Now Providing Treatment for ARFID in Los Angeles (and throughout California)
Are you or is someone you love a picky eater? Maybe you have been a picky eater since early childhood and have a very narrow list of foods you are comfortable eating. Are you very sensitive to different textures in food? Do the thoughts of eating your non-preferred foods scare you? Maybe you find it embarrassing when you go out with friends because you won’t eat what everyone else is eating. Maybe you or your child has recently become afraid of choking and now refuses to eat anything solid. Maybe you have an extreme fear of throwing up that has caused you to avoid eating. Maybe you’ve lost weight but rather than fearing weight gain you fear eating itself. Maybe you fear the pain you get after eating. Maybe your child is very particular about the particular brands of the few foods they consume. You or your loved one may have ARFID.
We provide treatment for children, teens, and adults with ARFID ages 10 and up.
What is ARFID?
ARFID is an eating disorder that was formalized as a diagnosis only in 2013 with the publication of the Diagnostic and Statistical Manual, 5th Edition (DSM-5) in 2013. In the previous edition, the condition was only recognized in children six and younger. Thus, there are not many established treatment protocols for people with ARFID over six and there are limited providers who are trained in treating this disorder.
Individuals with ARFID eat a limited variety or amount of food which causes problems in their lives. The problems can be health-related—such as losing too much weight or having nutritional deficits—or social — for example, being unable to eat with others. However, people with ARFID, unlike individuals with anorexia nervosa, do not worry about their weight or shape or becoming fat. People with ARFID experience anxiety and disgust around eating. They may gag and experience physical symptoms such as nausea and stomach pain. People with ARFID are often highly anxious and seem to have sensory super powers. Tastes and textures as well as regular internal body sensations may be more intense for people with ARFID.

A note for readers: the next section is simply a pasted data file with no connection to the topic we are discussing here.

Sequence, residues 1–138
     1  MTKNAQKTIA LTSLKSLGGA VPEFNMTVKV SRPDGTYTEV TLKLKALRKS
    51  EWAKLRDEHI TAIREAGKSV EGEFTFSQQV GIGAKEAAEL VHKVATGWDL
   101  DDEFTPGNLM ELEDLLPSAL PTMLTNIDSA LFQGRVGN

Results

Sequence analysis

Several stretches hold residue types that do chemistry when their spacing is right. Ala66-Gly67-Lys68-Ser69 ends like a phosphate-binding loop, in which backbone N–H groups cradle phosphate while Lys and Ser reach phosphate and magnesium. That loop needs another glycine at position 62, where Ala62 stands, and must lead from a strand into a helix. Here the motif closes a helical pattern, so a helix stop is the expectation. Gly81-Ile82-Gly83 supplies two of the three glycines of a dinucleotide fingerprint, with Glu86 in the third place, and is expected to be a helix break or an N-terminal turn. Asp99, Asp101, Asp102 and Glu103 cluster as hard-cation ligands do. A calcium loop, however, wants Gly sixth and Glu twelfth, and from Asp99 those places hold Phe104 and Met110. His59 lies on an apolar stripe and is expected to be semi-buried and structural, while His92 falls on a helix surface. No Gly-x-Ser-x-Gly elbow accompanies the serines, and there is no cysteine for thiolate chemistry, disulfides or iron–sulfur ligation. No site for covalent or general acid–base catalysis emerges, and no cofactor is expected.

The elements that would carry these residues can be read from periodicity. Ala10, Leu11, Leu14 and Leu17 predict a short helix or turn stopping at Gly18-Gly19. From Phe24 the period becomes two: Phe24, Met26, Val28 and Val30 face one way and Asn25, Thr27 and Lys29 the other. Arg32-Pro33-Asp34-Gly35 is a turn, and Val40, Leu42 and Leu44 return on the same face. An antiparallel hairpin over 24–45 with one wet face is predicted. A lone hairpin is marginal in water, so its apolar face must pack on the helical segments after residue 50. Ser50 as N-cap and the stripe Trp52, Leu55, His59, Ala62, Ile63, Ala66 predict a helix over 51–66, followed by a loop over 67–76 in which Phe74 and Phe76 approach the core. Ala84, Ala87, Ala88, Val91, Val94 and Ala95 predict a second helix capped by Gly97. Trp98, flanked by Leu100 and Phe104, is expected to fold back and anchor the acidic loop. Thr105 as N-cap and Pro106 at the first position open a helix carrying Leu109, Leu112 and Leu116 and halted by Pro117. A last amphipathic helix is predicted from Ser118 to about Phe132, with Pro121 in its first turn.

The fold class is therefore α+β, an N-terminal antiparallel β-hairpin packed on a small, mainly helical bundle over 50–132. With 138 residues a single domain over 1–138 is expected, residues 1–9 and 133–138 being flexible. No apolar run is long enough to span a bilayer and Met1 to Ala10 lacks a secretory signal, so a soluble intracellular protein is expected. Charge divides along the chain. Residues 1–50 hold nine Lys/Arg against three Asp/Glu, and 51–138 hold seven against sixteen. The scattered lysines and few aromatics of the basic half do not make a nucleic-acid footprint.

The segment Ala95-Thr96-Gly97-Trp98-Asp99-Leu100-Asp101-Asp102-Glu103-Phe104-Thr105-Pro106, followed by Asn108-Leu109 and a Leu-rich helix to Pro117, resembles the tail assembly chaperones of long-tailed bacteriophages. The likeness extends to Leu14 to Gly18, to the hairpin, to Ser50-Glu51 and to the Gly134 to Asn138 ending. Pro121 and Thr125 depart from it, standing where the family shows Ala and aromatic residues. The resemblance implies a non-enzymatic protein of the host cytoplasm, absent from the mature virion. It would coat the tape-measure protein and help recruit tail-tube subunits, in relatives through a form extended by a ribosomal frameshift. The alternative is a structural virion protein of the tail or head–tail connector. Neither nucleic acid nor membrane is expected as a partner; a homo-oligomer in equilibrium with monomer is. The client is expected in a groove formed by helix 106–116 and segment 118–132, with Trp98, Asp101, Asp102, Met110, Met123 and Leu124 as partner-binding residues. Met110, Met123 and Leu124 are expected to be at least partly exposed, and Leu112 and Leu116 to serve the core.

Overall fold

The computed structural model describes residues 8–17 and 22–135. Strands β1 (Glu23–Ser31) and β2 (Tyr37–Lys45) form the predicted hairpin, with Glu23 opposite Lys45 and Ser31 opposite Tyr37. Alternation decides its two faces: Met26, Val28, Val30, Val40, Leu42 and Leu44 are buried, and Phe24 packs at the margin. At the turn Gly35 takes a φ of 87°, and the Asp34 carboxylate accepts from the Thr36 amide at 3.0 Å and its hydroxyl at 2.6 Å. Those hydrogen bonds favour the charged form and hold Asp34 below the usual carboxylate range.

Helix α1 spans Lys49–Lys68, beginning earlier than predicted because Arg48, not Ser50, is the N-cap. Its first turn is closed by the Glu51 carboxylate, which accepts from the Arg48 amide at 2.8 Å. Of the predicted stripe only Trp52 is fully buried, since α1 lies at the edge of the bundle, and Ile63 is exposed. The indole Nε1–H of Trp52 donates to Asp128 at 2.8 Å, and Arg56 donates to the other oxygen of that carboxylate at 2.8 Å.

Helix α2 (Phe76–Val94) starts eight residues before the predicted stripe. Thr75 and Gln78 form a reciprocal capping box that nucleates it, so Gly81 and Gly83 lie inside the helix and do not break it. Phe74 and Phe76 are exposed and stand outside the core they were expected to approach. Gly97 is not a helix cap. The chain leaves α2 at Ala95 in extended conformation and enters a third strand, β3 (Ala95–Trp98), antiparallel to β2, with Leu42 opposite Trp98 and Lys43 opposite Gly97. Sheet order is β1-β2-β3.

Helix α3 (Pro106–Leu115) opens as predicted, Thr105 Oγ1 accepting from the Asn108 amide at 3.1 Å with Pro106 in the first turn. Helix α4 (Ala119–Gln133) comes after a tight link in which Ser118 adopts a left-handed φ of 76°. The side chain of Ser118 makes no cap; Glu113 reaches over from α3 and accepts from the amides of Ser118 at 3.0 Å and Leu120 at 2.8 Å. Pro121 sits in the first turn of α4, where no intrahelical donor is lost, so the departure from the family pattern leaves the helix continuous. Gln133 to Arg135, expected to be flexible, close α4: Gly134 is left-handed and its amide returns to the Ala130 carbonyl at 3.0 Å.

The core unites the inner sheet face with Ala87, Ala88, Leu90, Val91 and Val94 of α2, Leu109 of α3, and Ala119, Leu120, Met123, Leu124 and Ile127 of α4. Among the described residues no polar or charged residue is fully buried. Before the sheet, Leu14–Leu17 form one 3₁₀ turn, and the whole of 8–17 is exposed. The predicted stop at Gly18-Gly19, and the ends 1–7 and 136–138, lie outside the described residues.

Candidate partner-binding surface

We are seeing increased cases of ARFID in preteens and teens. This should be a time when appetite and dietary intake increase to propel puberty and a growth spurt. ARFID often gets noticed when it interferes with this process.
Three Types of ARFID
There are three primary types of ARFID:
- Sensory sensitivity: people with this type usually have sensory issues from early childhood that make them sensitive to certain textures or strong tastes. They find that unfamiliar foods have strange or intense smells, textures, or tastes, and they feel safer eating familiar food and cling to a narrow range of food.
- Low interest: people with this presentation tend to have lower levels of hunger and not find food as rewarding. This usually begins at a young age as well. They may find that they don’t get hungry often, get full quickly, or find eating to be a chore.
- Fear of aversive consequences: people with this variation develop a fear of choking, swallowing, or vomiting or a fear of pain after eating often in response to a traumatic situation they experienced themselves or witnessed. They may stop eating foods that they believe will cause these outcomes. This type usually has a more sudden onset and can develop at any age.
People can have one or more types of ARFID. Sometimes ARFID can co-occur with Anorexia Nervosa.
How is ARFID treated?
Several of our staff members have received advanced training from Dr. Jennifer Thomas and Dr. Kamryn Eddy, the co-authors of CBT-AR, cognitive-behavioral therapy for ARFID. In this approach, first, we conduct a detailed assessment to clarify the diagnosis. Next, we provide psychoeducation regarding factors that maintain the disorder and develop a treatment plan. We provide education and teach you all about ARFID.
Establishing regular eating
A key component of early treatment is the establishment of a schedule of regular eating. People with ARFID often have missed meals and or patterns of grazing or snacking which can further dull hunger cues and make it hard to get enough food or enough nutritious food. We work with you and your family to make sure you are eating regularly throughout the day.